Rabbi Dan Roth's very first day teaching in yeshiva did not at all go as planned. After learning in kollel for many years in some of the best yeshivos in Israel, Rabbi Roth got his first job teaching in a program for teens-at-risk. A short time before taking the job, he wrote a sefer on modern-day lessons gleaned from the teachings of Pirkei Avos. In the process of writing the book, he realized that he had a talent for making Torah concepts relevant and down-to-earth.
When the Jewish people crossed the Red Sea, successfully escaping the clutches of the Egyptians, Moses gathered the Israelites together and they sang the famous “Az Yashir.” Miriam, Moses’s sister, also assembled the women as they danced with tambourines and sang “shiru lahashem ki gao gaa sus vrochbo rama bayam” – let us sing to Hashem for he is great, horse and chariot he drowned in the sea.”
I have always been disturbed by the fact that while millions upon millions of dollars are poured into the construction and programs of synagogues, the support received by our yeshivas and day schools is so meager in comparison.
As an educator, I was always intrigued with the trip on which my high school students would embark in their junior or senior year. The “March of the Living” allows a student to experience in a small way the immense tragedy our people endured during the Holocaust.
The first reference to Mount Sinai in the Torah occurs when our teacher Moses witnessed a strange phenomenon there. As he was shepherding his sheep he glanced up at the mountain and saw a thorn bush that was burning without being consumed by the fire.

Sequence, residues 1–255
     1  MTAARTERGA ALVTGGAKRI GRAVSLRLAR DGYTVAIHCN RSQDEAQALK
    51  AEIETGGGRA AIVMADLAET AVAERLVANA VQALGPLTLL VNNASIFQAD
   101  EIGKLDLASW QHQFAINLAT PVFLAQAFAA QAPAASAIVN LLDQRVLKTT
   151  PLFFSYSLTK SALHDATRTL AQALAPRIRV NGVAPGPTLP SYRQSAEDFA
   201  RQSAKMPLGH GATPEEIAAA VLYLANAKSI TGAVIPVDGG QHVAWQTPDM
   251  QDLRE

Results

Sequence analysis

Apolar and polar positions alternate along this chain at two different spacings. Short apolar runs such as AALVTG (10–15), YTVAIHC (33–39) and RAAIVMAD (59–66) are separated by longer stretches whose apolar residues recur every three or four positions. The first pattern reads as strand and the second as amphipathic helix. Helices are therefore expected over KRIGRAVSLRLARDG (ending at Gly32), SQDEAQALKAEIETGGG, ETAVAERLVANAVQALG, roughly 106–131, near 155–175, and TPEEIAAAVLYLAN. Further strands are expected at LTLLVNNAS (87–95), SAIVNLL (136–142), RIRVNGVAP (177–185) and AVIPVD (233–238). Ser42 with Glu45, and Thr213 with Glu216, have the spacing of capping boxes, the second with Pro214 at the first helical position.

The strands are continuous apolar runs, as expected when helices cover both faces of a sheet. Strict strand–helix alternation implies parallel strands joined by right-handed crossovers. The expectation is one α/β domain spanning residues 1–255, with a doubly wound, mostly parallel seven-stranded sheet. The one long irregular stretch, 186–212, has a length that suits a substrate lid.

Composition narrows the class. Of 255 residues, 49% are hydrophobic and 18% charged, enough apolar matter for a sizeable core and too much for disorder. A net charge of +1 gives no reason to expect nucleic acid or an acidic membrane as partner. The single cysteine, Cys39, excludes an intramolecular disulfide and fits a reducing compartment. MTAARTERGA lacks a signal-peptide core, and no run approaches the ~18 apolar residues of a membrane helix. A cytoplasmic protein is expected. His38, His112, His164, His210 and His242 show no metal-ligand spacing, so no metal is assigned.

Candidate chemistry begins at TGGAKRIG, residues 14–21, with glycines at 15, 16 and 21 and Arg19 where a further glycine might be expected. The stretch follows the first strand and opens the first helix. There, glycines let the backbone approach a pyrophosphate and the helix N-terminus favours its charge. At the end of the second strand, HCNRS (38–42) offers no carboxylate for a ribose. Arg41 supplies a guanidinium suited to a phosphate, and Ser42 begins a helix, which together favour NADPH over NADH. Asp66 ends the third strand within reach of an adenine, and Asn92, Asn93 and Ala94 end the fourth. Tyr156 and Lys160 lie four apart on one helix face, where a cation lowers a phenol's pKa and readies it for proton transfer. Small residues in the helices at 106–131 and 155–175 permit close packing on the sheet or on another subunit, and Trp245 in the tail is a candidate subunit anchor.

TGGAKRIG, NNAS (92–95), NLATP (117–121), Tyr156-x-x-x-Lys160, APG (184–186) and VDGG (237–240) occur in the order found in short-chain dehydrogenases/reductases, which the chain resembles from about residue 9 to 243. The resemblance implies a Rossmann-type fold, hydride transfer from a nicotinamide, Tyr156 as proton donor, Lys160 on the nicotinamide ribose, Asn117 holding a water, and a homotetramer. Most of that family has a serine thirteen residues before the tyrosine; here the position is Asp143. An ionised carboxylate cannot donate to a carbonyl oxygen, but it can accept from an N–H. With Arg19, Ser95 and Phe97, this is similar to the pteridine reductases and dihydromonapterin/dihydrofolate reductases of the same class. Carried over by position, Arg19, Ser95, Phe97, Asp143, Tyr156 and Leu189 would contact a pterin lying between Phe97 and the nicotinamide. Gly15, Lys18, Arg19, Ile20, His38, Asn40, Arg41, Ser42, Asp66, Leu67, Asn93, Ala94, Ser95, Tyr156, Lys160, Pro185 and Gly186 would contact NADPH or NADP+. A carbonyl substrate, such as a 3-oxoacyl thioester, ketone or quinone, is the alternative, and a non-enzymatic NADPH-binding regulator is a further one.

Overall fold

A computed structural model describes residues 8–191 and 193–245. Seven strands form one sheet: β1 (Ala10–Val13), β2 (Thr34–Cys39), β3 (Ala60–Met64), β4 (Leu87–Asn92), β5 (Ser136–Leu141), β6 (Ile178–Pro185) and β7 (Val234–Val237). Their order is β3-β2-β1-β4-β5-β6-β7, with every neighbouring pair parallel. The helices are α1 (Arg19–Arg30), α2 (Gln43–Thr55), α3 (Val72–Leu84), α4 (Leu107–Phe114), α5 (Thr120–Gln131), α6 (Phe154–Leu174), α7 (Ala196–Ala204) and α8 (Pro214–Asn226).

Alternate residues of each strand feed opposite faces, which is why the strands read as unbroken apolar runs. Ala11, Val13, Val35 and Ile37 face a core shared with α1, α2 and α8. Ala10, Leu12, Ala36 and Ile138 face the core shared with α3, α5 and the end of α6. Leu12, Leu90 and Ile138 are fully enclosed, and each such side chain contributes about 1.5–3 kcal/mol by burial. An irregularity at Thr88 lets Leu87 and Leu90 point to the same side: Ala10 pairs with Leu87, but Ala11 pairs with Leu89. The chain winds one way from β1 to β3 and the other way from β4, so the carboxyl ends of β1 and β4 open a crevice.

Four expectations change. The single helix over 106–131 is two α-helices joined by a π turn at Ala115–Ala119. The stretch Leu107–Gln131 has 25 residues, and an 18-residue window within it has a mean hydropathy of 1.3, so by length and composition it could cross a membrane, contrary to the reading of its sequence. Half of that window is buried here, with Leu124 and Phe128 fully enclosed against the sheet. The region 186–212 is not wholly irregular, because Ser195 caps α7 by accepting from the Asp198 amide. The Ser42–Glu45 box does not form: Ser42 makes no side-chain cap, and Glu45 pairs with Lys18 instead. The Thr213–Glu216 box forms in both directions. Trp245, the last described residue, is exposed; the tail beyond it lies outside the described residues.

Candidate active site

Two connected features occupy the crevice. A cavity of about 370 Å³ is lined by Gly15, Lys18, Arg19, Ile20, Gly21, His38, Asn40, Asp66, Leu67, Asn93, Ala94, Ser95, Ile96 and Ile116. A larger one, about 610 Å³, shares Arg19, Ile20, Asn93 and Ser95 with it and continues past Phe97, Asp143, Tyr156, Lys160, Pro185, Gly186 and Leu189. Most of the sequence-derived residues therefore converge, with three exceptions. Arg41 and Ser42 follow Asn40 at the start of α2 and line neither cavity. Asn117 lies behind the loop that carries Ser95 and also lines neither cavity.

Diversity in Judaism is common in our history and liturgy. One can visit many synagogues and observe that the order of davening and the text of siddur vary from shul to shul. When I'm in Israel I often attend the services in a Sephardi shul where the prayers and the sequence of taking the Torah from the ark and replacing it are vastly different from what I'm accustomed to.
Herzl was dead within a year, but his prophetic vision established him as the Father of modern Zionism.
Though the worship of God and our underlying relationship with Him are implicit in this text, the stress is on our relationship with people.
When I study of the experiences of King David or the challenges of our gedolim when they were young, I gain more respect and admiration for them.
QUESTION: I recently read your Daf Yomi column (JP, June 13, 2003), where you cited the Chikrei Lev's comments regarding the standard of 'Sinai' in Torah study, that is, having extensive knowledge of the Torah. He stated that this is not as important today because the Mishna has been recorded.My question is: Was the Mishna not recorded in Rashi's time? Commenting on the first verse in Parashat Bechukotai, Rashi notes (based on Sifra) that "Im bechukotai tele'chu" means"shetih'yu amelim baTorah." In yeshiva I was taught that this means that one must toil with much effort to learn and understand Torah. If so, how can one not be expected to have anextensive knowledge and yet be amel baTorah?Zvi Kirschner(Via Email)
QUESTION: Just the other day I was heading toward Connecticut on the New England Thruway. There was stop and go traffic. Eventually I saw the reason for the logjam. There had been a horrible accident involving a number of vehicles in one of the opposite lanes, with numerous ambulances and police present. In our direction of traffic we were all rubbernecking. I have no idea what the condition of those involved in the accident was. But I was wondering whether we should all say HaGomel whenever we arrive at home in one piece.I am told that you discussed this problem or a similar one before. Is it possible to elaborate on this topic again?Moshe JacobowitzBrooklyn, NY
QUESTION: Is it halachically permissible to pack on Shabbat or Yom Tov for a trip to be taken on the next day (Motza'ei Shabbat or Motza'ei Hachag)?Moishe Halberstam, Esq.Brooklyn, NY